Following An Insurrection, Lawmakers And State Attorneys General Are Asking Facebook To Halt Ads Of Military Gear
“Whether through negligence or with full knowledge, Facebook is placing profit ahead of our Nation’s democracy.”
Three senators and four attorneys general demanded Facebook pause or permanently halt the advertisement of military goods and tactical gear following last week’s insurrection at the US Capitol.
Two letters — one signed by senators from Illinois, Connecticut, and Ohio, and the other from the attorneys general of Massachusetts, New Jersey, Illinois, and Washington, DC — cited Facebook’s role in allowing extremists to organize the Capitol riot and asked its leaders reexamine how they were profiting from national turmoil. The letters follow a BuzzFeed News report that Facebook was showing ads for body armor, gun targets, and other weapon accessories in the News Feeds of people who had engaged with content about the attempted coup or followed extremist and far-right organizations on the platform.
“Facebook must hold itself accountable for how domestic enemies of the United States have used the company’s products and platform to further their own illicit aims,” wrote Sens. Tammy Duckworth, Richard Blumenthal, and Sherrod Brown. “Whether through negligence or with full knowledge, Facebook is placing profit ahead of our Nation’s democracy.”
Facebook spokesperson Liz Bourgeois declined to comment.
On Wednesday, BuzzFeed News reported Facebook employees had raised concerns internally about the ads. After the story, employees continued to flag potentially problematic ads in posts to the company’s internal message board viewed by BuzzFeed News.
“I’m seeing ads for tactical armor in my news feed,” one employee wrote on Thursday, sharing a screenshot of the advertisement. “When I looked at why I’m seeing these for the first time EVER it says the ads are targeting males in the USA. This is concerning to me, as I have never had any interest in this or anything like it.”
Those ads may be shown to people who are being radicalized on the social network. Research from the Tech Transparency Project, a nonprofit industry watchdog group, showed that a Facebook account set up by the organization to follow pages belonging to right-wing extremists and militant organizations was regularly shown ads for military gear in between posts casting doubt on the presidential election and praising the assault on the US Capitol.
TTP’s Facebook account, which mimics the activity of a right-wing extremist middle-aged man, continued to see body armor ads as of Friday afternoon.
"Facebook has spent years facilitating fringe voices who use the platform to organize and amplify calls for violence,” TTP Director Katie Paul said in a previous statement. “As if that weren't enough, Facebook's advertising microtargeting is directing domestic extremists toward weapons accessories and armor that can make their militarized efforts more effective, all while Facebook profits."
While the social network has policies preventing the sale or advertisement of firearms, ads for accessories like targets and attachable gun flashlights as well as body armor and other tactical gear are allowed.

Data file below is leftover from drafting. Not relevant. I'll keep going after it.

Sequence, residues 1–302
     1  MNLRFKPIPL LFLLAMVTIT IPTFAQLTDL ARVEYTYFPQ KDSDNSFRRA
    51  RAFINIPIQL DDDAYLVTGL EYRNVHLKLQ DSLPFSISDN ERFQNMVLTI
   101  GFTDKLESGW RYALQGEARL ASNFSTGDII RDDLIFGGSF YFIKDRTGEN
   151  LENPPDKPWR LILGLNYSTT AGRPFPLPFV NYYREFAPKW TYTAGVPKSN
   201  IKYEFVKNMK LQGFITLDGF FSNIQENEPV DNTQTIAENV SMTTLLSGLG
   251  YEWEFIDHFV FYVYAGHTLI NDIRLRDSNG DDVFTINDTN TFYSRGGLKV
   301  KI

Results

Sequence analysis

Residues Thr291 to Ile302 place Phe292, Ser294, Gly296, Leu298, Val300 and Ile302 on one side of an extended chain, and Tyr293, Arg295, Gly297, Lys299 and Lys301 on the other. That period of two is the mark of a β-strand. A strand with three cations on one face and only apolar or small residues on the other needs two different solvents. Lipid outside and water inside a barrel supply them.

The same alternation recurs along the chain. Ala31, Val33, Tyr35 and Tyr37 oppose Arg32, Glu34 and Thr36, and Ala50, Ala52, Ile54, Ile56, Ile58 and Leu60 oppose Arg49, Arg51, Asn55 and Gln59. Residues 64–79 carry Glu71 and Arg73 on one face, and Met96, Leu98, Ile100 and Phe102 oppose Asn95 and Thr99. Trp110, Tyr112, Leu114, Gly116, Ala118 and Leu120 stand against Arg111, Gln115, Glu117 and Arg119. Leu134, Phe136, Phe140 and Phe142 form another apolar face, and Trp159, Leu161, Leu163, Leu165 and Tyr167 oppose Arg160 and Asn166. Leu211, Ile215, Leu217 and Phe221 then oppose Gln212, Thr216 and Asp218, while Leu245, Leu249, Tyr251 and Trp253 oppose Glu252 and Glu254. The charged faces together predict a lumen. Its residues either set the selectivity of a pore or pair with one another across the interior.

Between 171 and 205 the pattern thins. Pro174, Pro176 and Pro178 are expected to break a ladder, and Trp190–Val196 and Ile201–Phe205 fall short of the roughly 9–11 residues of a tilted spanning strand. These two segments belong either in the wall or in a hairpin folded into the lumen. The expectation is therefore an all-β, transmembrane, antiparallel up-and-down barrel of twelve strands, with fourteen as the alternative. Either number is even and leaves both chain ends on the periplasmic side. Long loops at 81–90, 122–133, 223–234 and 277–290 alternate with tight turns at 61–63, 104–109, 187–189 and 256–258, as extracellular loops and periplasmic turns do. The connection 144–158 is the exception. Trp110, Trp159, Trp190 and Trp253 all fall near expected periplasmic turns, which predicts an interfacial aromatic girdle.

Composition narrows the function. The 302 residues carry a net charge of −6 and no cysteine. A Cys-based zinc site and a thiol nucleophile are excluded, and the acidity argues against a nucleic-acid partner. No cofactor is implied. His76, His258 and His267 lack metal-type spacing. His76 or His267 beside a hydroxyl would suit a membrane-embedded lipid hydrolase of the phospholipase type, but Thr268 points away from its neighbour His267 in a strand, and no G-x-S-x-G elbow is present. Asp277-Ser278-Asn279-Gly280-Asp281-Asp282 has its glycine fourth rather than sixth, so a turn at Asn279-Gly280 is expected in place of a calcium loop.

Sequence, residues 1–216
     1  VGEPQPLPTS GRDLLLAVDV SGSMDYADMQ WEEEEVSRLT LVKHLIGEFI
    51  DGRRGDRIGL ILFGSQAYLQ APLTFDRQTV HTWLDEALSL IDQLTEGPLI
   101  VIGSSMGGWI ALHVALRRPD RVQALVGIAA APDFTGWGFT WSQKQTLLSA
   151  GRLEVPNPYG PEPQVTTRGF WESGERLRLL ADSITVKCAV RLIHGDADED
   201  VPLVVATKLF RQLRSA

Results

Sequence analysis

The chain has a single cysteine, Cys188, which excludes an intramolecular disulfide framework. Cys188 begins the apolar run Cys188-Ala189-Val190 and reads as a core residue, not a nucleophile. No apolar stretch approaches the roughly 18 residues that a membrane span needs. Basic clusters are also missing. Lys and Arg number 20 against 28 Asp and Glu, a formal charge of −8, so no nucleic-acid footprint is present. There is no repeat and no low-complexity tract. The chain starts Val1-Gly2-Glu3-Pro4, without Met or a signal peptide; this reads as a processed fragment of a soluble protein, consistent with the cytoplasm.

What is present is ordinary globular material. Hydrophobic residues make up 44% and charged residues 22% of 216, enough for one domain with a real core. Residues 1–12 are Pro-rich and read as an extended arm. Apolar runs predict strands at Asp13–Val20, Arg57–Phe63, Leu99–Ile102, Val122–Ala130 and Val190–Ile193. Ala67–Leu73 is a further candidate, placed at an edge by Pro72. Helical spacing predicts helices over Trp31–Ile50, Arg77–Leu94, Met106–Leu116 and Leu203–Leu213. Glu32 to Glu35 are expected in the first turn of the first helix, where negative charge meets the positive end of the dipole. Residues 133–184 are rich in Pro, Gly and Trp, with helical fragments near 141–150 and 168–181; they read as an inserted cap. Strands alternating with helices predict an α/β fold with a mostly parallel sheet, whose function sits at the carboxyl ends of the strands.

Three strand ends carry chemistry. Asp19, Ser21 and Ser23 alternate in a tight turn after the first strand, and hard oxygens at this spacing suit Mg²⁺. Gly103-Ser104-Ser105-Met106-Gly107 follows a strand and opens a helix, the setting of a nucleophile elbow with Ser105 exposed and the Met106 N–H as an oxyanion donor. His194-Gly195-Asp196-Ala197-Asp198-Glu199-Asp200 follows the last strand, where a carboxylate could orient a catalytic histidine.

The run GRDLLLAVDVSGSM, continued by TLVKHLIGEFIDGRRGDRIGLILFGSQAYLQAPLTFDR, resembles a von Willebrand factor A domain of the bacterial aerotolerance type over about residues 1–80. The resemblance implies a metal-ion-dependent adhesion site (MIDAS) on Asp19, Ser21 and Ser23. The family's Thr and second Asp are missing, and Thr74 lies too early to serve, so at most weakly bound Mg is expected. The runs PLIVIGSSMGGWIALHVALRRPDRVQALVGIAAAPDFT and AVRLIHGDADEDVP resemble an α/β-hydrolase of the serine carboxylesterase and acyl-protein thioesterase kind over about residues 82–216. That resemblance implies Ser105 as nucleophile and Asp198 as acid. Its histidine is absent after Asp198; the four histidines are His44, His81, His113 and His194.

The two letters diverged in their requests to Facebook. The senators’ note to CEO Mark Zuckerberg asked the company to “immediately develop and execute a Facebook policy permanently prohibiting advertisements of products that a reasonable observer would interpret as primarily designed for use in lethal tactical operations and armed combat.” Their letter also asked that the company hire an independent law firm to investigate what role it had played in providing a platform for the planning of the Capitol attack, as well as appoint a member to the board of directors who has “expertise in matters of domestic terrorism.”
The letter from the attorneys general to Will Castleberry, a vice president on Facebook’s policy team, asked that the company put a moratorium on ads for weapon accessories and body armor “until January 22, 2021, or until such time as the heightened threat of extremist violence subsides.”
The four attorneys general wrote, “Halting this advertising while the nation prepares to respond to [an unprecedented] domestic threat is a simple action that Facebook can take to support this response and to help prevent another emergency like the one the country experienced on January 6.”
The letters come as Facebook faces landmark antitrust lawsuits from federal and state governments. The attorneys general who wrote the letter are part of a coalition of regulators from the Federal Trade Commission and 48 states and territories that have sued the company for maintaining an illegal monopoly and stifling competition.
Both documents were critical of a statement from Facebook Chief Operating Officer Sheryl Sandberg, who said in an interview with Reuters on Monday that the attempted coup was “largely organized on platforms that don’t have our abilities to stop hate.” Despite the company’s efforts, Facebook has been a cauldron for hate and conspiracy theories about the 2020 presidential election.
“The public comments of your COO are even more perplexing in light of a public report that your own employees internally flagged advertisements featuring semi-automatic rifles and selling body armor and other equipment as irresponsible and dangerous,” the senators wrote.
“We are deeply disappointed that based on the existing facts and circumstances, we have little confidence in your company or your corporate leadership,” they added.
Correction: The letter from three US lawmakers to Facebook was signed by senators from Illinois, Ohio, and Connecticut. An earlier version of this story misidentified which states the senators represent.